Preparing for eternity

Advent 2 – 2014

Mark 1:1-8

Marian Free

 Living God fill us with a sense of expectation and anticipation that we may be ready to meet you when you come again. Amen.

 I was both a Brownie and a Girl Guide, so I knew all about being prepared. Among other things ‘being prepared’ involved carrying emergency kits in our pockets. I particularly remember this because unlike the other girls in my unit, I was unable to get all the various bits and pieces into a neat compact package. My first aid kit was twice as big as anyone else’s and my pocket always bulged unattractively. It made me self-conscious, but my kit contained only the same things as everyone else and I was prepared as anyone for almost any eventuality – snakebite, broken-glass, splinters, cuts. I had everything required for a minor medical emergency. The second kit (in my case equally bulky) contained other essentials like matches and pocketknife so that we could fend for ourselves in the bush. We were prepared for anything.

You don’t have to be a Girl Guide to be prepared. While much of our lives are routine, there are some areas that require at least some preparation. If for example, we are travelling overseas we need to check that we have passports, visas, inoculations, insurance and other such necessities. If we are going to hospital or having a medical procedure, it is essential that we are prepared – that we have filled in the correct forms, fasted for the right number of hours, advised the appropriate people of the medications we are taking or the things we are allergic to. Being prepared assures us of a safe trip, and the best possible outcome of our medical treatment.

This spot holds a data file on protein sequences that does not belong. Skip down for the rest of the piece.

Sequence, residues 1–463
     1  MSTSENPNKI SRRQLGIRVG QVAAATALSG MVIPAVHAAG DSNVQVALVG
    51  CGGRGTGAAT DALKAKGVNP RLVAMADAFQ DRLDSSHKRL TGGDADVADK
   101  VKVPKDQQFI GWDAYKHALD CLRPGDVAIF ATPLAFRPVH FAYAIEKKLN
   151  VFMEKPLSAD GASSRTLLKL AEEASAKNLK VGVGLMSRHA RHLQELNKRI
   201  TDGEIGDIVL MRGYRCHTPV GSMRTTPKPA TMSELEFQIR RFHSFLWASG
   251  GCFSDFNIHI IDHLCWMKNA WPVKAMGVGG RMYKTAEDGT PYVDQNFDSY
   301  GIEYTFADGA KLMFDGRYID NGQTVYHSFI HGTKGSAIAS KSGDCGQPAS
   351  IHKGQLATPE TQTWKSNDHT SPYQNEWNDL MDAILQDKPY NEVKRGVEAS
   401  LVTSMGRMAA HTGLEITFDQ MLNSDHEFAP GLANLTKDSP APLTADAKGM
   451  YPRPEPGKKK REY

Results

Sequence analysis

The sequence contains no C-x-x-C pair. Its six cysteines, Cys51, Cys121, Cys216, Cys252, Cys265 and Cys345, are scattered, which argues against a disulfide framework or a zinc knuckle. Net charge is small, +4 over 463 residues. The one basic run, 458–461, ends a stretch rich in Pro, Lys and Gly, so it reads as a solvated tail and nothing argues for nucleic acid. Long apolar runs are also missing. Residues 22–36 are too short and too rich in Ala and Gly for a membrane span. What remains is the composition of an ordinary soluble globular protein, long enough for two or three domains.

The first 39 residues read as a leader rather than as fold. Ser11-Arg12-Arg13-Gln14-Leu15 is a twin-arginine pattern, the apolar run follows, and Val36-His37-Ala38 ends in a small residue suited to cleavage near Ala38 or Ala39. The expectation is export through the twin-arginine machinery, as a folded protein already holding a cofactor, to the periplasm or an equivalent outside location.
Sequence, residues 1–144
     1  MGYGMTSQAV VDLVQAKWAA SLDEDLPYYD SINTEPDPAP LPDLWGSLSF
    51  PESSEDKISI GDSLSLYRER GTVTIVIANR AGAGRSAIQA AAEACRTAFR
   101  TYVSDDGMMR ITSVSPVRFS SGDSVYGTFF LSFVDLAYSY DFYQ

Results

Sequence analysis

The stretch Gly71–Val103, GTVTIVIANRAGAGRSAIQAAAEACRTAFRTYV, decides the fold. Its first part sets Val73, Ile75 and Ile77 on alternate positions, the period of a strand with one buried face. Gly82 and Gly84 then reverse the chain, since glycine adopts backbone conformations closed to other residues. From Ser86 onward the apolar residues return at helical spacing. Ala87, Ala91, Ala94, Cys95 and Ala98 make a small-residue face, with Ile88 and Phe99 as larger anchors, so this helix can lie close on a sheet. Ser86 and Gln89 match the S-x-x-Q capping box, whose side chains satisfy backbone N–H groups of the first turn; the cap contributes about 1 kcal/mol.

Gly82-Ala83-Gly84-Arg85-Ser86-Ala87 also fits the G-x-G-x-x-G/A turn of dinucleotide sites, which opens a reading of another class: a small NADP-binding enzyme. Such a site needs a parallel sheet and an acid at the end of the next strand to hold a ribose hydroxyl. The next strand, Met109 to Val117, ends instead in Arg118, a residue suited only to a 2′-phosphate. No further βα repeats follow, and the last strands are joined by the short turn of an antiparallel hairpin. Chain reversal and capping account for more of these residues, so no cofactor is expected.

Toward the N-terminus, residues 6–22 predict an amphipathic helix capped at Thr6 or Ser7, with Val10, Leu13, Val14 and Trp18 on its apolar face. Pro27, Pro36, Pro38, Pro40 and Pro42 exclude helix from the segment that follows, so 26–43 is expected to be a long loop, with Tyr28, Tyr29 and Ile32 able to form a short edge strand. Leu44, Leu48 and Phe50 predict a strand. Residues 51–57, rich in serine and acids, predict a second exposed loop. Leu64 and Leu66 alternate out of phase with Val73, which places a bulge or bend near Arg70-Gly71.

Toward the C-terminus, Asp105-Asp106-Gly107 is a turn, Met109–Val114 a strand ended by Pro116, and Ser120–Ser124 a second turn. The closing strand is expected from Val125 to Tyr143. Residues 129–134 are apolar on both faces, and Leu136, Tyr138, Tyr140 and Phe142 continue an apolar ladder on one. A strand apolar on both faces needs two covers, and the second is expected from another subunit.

We go to a lot of effort to be prepared for upcoming events to ensure that everything runs smoothly or works out as we have hoped. Planning for aspects of our earthly existence often comes at the expense of planning for our heavenly existence. Our concern with things temporal tends to overwhelm and overtake our concern for things eternal. Our focus on the present can mean that we do not pay enough attention to the future.

What are we doing now to ensure a good outcome at the judgement? Have we put the necessary things in place to guarantee a positive experience?

John the Baptist draws our attention to the coming of Jesus, and challenges us to be prepared, to set our lives straight and to repent of those things which might be a cause for regret.

Being prepared means more than being good. It means developing a heart and mind that are focused on the things of God. It means ridding ourselves of all selfishness and malice, all discontent and pettiness. It means being deeply at peace with ourselves and with the world. It means understanding and accepting God’s love and God’s grace. It means accepting that we are pilgrims and strangers on earth and knowing that our true home is with God.

We cannot expect to have a good relationship with God in the future if we are not developing a good relationship with God in the present. We cannot expect to recognise Jesus when he comes in glory, if we have not spent time getting to know the Jesus who came in humility. We cannot expect to be content for eternity if we have not practiced contentment now.

Advent can be an unsettling time. On the one hand it is a season that gives us reassurance that Jesus will return and take us to himself. On the other hand it reminds us of our obligation to be ready. On the one hand it focuses our attention on the love that sent Jesus into the world for our salvation. On the other hand it reminds us Jesus will come again in judgement. On the one hand it echoes a warning to “be prepared”. On the other hand it is a gentle prompt not to neglect those things that will make us ready.

The question is: “how do you want to spend eternity, and what are you doing to prepare for that outcome?”


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